4. What Happens to Your UCC Filing Position if the Entity Changes its Name After the UCC1 is Filed?
Answer: It is common for debtors to change their names months or years after an initial UCC financing statement is filed. Position may be affected if the secured party fails to file a UCC3 debtor name amendment within a specified period, usually 4 months of the name change. If an amendment is filed within the required period, then priority is preserved, even if another secured party files during that 4-month window. If no debtor name amendment is filed, then the UCC filing could be deemed seriously misleading since third-party searchers are conducting searches on the current (new) true and correct legal name. Further, depending on the collateral being secured, the prior secured party may not have interest in any after acquired collateral. Searchers are not required to search for UCCs on former debtor names or conduct “reasonable” searches on prior names or name variations since UCC filers are required to maintain UCCs, which includes amending the debtor name after a debtor name change.
For specific statutory language covering this issue, please refer to UCC §9-507(c).
5. What is a Good Method to Check and See if My UCC Filings Might Be Seriously Misleading?
Answer: A Post Filing Search is a good method for learning if a UCC filing could be deemed seriously misleading. The best time to conduct this type of search is soon after a UCC filing has been filed because if the search does not reveal the expected UCC filing, then it is highly probable there is an issue with the UCC filing. A Post Filing Search enables the filer to identify the error and to rectify it promptly. If a Post Filing Search is not conducted shortly after a UCC1 or UCC3 debtor name change or addition was filed, it may be too late for the UCC to be effective.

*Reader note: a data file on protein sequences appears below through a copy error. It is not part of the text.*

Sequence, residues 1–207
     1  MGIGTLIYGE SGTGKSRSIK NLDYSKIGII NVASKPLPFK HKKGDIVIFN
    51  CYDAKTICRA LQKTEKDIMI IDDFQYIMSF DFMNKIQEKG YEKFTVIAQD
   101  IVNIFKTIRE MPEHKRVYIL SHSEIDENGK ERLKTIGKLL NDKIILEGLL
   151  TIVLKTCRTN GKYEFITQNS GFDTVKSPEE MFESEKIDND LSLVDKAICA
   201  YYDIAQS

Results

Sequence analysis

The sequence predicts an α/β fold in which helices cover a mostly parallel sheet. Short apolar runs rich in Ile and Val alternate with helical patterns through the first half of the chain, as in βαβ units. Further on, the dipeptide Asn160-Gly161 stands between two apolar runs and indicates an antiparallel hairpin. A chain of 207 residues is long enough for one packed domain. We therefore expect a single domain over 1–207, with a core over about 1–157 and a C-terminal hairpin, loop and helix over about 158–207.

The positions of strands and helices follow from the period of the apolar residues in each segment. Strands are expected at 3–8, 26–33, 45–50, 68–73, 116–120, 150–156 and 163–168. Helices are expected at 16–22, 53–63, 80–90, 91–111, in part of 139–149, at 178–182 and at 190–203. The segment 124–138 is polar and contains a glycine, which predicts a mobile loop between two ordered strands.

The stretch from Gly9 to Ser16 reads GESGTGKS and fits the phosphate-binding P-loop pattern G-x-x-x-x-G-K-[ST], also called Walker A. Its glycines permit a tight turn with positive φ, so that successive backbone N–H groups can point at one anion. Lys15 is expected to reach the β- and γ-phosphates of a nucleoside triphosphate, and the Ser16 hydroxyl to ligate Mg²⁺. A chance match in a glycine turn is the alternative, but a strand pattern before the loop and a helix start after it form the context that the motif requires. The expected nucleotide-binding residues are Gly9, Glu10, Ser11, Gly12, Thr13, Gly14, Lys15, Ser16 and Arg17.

Conduct the Post Filing Search on the exact name of the debtor by consulting the formation documents and any amendments for entities and unexpired state issued driver’s license or ID for individuals. Include spaces, punctuation and corporate indicators when conducting the search. In addition, be sure to conduct this search in the state of formation of the debtor (for entities and primary state of residence for individuals) using the state approved search logic/system and not a wild card search or using a third-party website. If the returned results include your filing, then it is likely the UCC would be considered an effective UCC financing statement. If the Post Filing Search results do not return the expected search results, it is likely that the UCC filing in question could be considered seriously misleading unless steps are taken to resolve the issue.
Third-party searchers are only required to search in the correct state, on the correct name, using the state-approved search logic. If a UCC filer follows this same process and uncovers their lien, then the filing is likely an effective financing statement. In addition, it helps to show the filer that third parties conducting UCC searches will find the UCC too.
If you have any other questions, feel free to contact our specialists or contact us in the comments.
This article is provided for informational purposes only and should not be considered, or relied upon, as legal advice.